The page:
Internal Injuries

February 10, 2013

On January 26, 2013, the Rev. Dr. Joe Small led a workshop at the Presbytery of San Diego Leadership Connection Day on “Internal Injuries: Living in a morally divided denomination”. He talked about the democratic captivity of the church. We are being held captive by the mistaken notion that we can solve moral problems through a democratic process of voting where the majority rules. This has not worked and it will not work. Both conservatives and liberals are upset with how “stuck” we have become.

Vaclav Havel, former president of the Czech Republic, once wrote an essay on The Power of the Powerless. He wrote about how people survived in Czechoslavakia under the former Soviet Union. Havel asked, how can people live the truth where the lie is taken to be the way things are? He told the story of the Green Grocer. All of the stores in the country were required to place a sign in their window each day with the communist slogan “Workers of the World Unite”. This was part of the lie that everyone was required to “buy in to”. But, one day, the green grocer decided he was not going to put the sign up in his window. He takes it down and throws it away. He doesn’t want to live in that lie anymore. If he was the only one who did that, probably not much would have happened. And if he did nothing else, probably not much would have happened. But, what if he talked to others about what he had done? And what if the others would also take down their signs and they all decided to live differently? If they would, they would begin to create a second culture. They would live the truth within the lie, and slowly, over time, the culture would begin to change.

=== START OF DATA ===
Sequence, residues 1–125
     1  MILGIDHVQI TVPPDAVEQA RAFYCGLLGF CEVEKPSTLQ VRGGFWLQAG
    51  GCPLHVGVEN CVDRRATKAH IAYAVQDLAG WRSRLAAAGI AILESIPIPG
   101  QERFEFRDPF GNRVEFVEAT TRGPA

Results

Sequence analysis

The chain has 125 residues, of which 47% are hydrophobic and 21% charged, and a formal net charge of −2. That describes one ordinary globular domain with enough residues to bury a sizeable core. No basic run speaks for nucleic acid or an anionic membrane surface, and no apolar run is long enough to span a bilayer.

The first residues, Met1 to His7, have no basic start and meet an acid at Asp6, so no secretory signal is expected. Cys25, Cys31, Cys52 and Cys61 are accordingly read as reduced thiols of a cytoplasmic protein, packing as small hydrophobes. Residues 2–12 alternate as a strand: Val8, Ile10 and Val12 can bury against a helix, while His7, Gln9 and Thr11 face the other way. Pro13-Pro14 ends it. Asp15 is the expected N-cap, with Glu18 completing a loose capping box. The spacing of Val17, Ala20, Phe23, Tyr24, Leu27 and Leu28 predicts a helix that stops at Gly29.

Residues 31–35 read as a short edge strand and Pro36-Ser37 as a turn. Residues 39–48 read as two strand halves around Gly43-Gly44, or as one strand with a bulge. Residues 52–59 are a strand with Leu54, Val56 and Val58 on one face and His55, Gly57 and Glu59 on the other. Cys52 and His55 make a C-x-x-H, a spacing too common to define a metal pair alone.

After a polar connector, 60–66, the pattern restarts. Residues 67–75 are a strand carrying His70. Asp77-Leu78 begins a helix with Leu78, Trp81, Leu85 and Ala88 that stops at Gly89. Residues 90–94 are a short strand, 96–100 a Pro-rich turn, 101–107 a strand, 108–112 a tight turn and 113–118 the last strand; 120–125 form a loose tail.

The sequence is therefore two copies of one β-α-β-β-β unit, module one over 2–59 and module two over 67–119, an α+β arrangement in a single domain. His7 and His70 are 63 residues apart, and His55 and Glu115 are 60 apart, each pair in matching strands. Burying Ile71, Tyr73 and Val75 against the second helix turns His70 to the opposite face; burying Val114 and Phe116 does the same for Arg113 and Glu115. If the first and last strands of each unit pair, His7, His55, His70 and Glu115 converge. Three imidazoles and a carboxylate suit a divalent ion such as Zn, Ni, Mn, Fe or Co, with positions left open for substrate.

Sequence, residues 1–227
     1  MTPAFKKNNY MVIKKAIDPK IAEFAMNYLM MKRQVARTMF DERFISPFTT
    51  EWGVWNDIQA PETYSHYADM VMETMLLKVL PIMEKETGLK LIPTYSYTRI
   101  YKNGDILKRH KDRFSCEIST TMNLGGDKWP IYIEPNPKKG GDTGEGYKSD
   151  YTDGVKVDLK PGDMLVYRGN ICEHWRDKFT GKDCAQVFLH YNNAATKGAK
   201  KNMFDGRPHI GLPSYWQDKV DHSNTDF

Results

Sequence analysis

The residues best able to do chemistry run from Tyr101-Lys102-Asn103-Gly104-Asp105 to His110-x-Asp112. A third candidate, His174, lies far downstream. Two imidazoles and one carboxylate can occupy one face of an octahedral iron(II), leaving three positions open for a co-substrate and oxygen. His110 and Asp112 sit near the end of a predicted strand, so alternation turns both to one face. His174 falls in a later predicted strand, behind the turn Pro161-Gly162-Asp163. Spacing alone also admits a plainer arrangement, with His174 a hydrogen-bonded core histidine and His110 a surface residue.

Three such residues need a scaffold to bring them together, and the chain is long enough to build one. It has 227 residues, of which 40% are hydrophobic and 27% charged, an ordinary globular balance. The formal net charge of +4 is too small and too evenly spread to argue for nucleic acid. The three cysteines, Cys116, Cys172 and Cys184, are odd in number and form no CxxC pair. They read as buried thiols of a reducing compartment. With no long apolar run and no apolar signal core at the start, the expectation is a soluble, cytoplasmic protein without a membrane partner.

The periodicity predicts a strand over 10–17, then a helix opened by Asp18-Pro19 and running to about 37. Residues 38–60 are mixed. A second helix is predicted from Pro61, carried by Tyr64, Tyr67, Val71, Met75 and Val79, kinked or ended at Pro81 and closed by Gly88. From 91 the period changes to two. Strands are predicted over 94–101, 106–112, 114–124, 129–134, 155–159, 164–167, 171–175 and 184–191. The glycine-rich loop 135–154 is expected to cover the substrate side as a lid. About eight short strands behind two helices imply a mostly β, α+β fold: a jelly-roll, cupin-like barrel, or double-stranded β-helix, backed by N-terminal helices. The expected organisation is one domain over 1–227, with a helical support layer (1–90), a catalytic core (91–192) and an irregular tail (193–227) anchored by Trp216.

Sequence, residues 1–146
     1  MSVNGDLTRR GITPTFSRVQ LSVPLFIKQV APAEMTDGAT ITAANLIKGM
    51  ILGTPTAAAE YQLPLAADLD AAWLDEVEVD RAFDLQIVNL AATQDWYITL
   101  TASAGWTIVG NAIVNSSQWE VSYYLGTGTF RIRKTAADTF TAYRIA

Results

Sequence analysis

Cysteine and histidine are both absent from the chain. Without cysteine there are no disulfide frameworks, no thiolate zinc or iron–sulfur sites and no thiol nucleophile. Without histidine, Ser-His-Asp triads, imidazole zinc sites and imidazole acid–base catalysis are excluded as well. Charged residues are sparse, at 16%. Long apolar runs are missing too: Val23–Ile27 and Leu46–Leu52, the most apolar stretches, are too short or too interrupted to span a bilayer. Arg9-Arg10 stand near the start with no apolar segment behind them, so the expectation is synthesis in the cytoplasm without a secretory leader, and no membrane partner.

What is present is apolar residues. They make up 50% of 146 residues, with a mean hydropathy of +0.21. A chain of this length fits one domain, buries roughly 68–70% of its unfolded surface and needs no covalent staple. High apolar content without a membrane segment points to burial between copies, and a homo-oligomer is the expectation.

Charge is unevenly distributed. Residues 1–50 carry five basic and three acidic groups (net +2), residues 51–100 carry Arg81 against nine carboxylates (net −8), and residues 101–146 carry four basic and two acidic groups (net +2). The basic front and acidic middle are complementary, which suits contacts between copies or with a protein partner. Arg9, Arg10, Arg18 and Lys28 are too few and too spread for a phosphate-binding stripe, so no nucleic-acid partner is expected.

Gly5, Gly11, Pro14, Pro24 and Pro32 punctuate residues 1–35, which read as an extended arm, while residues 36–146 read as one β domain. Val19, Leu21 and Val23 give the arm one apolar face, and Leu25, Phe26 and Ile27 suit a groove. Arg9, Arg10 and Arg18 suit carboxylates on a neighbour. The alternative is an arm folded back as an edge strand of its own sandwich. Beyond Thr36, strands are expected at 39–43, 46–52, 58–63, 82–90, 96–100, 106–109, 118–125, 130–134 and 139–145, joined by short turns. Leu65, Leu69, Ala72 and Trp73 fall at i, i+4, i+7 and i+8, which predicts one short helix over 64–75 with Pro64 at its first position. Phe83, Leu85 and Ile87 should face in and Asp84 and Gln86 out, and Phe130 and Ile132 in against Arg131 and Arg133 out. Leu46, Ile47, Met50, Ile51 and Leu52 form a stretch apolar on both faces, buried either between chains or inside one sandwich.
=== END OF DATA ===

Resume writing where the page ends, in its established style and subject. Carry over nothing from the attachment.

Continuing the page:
The suggestion of the workshop was that we need to do something similar in the Presbyterian Church (USA). The current system is not faithful, effective, or healthy. What if we said like the news anchor on the old movie “Network”: “I’m mad as hell and I’m not going to take it anymore.” We live as a different culture within the church. We do it for the whole. We don’t have to live this way anymore, so we don’t. We are called to bear witness to the truth in season and out of season. We are called to preach the gospel all the time.